Early Marsh Orchid Dactylorhiza incarnata subsp. coccinea
Image: M. McCorry
"One of the most interesting finds was Pinguicula vulgaris, and one of the few flowers in bloom. The fen was in relatively good condition, although there had been some Gorse thickets adjacent to the fen that had been recently cut and removed. Initially this looked like a typical example of habitat destruction. However, further research found that Gorse is actually causing a problem on The Heath, spreading and creating dense thickets leading to the loss of grassland and heathland habitats. There is obviously ongoing management of this issue. 

"The lake (Little Bog Lough) was examined next after some lunch. This area is a quite interesting wetland with diverse marginal vegetation that was nicely zoned in places.  The lake is one of the larger water-bodies in Laois (Laois has very few lakes), and is also managed as a fishery and is used on occasion by the local triathlon club! A small wetland to the west of the lake contained Equisetum fluviatile, Mentha aquatica and Carex rostrata, which could be found shin deep in the water with Eleocharis palustris, Carex disticha and C. demissa found closer to drier ground along with Veronica scutellata. Other deeper areas had Typha latifolia. Some of the other plants were a little undeveloped to be sure of 100% identification.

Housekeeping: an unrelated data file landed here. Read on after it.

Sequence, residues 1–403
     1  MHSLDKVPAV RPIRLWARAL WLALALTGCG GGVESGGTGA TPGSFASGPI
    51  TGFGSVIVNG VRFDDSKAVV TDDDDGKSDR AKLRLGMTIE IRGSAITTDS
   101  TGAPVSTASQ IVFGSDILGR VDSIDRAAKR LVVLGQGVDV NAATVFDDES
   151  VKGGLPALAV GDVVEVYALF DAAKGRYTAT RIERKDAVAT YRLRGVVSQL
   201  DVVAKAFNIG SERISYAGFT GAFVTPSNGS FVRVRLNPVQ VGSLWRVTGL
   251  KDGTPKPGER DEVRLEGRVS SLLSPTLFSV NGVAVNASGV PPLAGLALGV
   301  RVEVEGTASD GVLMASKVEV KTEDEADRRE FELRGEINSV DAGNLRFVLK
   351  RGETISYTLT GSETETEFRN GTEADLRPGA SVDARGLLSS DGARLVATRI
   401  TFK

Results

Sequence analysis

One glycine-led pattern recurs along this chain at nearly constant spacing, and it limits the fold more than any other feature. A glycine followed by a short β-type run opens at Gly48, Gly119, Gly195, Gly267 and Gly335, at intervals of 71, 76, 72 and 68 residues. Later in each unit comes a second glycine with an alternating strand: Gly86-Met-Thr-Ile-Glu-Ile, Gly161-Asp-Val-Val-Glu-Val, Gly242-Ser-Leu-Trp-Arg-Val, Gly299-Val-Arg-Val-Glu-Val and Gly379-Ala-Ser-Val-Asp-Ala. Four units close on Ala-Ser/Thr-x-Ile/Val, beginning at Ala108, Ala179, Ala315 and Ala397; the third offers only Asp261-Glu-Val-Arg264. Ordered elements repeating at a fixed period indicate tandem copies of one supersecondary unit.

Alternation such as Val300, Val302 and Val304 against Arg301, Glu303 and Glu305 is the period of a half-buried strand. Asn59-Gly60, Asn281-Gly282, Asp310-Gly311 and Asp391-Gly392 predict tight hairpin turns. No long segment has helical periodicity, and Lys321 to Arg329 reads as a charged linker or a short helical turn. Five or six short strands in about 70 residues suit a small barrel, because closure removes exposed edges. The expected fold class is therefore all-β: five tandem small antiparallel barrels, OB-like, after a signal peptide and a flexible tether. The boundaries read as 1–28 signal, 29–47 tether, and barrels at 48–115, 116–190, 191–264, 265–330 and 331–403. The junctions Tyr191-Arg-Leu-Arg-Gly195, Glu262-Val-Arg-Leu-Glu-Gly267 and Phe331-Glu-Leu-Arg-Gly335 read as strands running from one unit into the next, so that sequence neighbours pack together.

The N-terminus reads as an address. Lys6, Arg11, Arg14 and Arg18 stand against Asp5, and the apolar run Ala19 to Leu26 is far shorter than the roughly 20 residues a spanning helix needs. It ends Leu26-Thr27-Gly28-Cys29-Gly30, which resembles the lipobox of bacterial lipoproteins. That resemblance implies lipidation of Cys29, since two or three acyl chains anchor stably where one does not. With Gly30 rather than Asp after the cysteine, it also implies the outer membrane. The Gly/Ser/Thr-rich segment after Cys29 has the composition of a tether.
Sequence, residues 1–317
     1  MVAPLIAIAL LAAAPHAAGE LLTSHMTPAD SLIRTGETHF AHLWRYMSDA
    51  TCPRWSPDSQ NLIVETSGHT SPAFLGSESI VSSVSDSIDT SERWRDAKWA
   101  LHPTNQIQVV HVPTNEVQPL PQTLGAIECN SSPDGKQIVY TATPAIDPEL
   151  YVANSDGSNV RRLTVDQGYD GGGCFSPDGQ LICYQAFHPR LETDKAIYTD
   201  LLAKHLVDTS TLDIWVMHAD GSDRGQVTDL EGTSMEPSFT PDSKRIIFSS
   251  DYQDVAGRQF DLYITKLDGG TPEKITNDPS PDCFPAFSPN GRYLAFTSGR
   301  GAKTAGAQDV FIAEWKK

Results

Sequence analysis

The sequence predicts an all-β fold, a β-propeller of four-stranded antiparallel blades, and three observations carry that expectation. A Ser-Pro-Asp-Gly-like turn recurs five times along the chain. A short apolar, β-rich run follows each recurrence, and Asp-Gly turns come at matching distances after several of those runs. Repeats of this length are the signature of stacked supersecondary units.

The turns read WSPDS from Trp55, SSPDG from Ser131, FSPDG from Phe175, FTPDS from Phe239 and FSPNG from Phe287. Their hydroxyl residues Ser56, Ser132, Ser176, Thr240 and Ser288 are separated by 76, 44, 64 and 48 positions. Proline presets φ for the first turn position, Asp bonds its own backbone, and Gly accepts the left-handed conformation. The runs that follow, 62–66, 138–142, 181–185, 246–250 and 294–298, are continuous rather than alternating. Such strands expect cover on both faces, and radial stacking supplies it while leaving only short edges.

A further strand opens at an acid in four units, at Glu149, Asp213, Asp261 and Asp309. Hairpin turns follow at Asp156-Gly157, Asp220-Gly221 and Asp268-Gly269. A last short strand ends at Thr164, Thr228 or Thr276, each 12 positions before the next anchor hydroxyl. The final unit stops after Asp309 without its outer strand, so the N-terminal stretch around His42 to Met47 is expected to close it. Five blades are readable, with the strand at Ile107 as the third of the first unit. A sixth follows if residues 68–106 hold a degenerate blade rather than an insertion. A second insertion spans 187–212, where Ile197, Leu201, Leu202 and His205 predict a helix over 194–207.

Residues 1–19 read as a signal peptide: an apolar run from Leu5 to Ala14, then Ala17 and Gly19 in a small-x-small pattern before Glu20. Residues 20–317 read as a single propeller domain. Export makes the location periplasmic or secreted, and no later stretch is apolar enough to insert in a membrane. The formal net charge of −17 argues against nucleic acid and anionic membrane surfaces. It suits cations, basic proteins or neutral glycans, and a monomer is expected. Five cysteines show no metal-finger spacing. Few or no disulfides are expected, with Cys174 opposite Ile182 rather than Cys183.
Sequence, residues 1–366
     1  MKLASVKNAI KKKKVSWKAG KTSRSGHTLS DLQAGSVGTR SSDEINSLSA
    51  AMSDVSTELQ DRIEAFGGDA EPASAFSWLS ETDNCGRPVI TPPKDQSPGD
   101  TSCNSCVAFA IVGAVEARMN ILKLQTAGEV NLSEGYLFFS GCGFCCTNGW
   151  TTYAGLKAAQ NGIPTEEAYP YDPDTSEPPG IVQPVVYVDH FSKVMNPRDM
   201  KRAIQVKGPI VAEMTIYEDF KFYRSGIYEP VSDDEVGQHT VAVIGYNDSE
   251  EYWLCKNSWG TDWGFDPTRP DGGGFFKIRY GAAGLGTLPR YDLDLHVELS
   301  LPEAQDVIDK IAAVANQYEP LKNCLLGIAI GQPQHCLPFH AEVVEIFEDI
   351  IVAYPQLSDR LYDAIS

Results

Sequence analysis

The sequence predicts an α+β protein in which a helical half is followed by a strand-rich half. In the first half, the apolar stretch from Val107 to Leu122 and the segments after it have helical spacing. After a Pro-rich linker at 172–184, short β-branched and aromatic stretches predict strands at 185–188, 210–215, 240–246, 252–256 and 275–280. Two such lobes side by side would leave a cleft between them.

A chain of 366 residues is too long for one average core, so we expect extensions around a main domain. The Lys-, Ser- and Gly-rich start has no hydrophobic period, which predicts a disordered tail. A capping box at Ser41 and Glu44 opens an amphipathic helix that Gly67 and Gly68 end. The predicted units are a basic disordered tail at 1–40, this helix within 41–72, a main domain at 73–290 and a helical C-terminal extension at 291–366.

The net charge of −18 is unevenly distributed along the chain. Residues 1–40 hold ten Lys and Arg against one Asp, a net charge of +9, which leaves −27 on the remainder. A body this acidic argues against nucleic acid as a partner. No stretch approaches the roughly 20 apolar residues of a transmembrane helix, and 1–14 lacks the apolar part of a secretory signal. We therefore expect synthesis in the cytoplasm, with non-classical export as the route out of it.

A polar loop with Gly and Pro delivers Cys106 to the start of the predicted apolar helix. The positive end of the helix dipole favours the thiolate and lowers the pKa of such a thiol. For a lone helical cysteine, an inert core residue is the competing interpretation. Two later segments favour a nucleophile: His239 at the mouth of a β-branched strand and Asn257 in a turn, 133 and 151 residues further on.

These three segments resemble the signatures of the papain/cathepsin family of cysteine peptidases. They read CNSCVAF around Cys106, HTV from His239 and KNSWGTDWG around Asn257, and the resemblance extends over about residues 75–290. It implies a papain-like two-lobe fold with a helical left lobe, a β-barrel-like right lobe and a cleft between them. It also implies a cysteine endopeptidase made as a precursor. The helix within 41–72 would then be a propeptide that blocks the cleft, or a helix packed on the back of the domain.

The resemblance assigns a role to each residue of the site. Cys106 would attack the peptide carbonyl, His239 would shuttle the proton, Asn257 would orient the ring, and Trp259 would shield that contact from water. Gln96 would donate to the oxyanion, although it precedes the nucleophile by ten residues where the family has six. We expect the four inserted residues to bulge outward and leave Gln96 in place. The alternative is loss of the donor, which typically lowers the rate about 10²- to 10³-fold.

Dry heath habitat, The Heath, Co. Laois
Image: M. McCorry
"A bit of exploration around the west side of the lough was required to find a route between the Gorse and scrub patches into some of the heathland habitat.  Here there were several open areas with low –growing vegetation dominated by Calluna vulgaris and containing Carex panicea, Molinia caerulea, Pedicularis sylvestris, Juncus squarrosus and Luzula multiflora as well as Lathyrus linifolius. Other sections were dominated by sedges and grasses. Many plants were several weeks behind their usual calendar and it took some searching to find an orchid in flower. This species was the Early Marsh Orchid Dactylorhiza incarnata subsp. coccinea, which had its distinctive brick red colour, and which has not been recorded by the BSBI before in Laois. 

"Only a small part of The Heath was examined during this field visit. So there is still plenty of exploring in other parts of the site to do in the future. Rare species in Laois such as Eleocharis quinqueflora and Galium uliginosum have been recorded in The Heath in the past and remain to be re-found and verified. One feature of the site is that it has a diverse range of habitats situated quite close to the local road so it is very accessible to botanists and naturalists. Attendees were Edwina Cole, Fiona Devery, Fiona MacGowan, Hugh Sheppard, Orla McCorry and Hannah McCorry".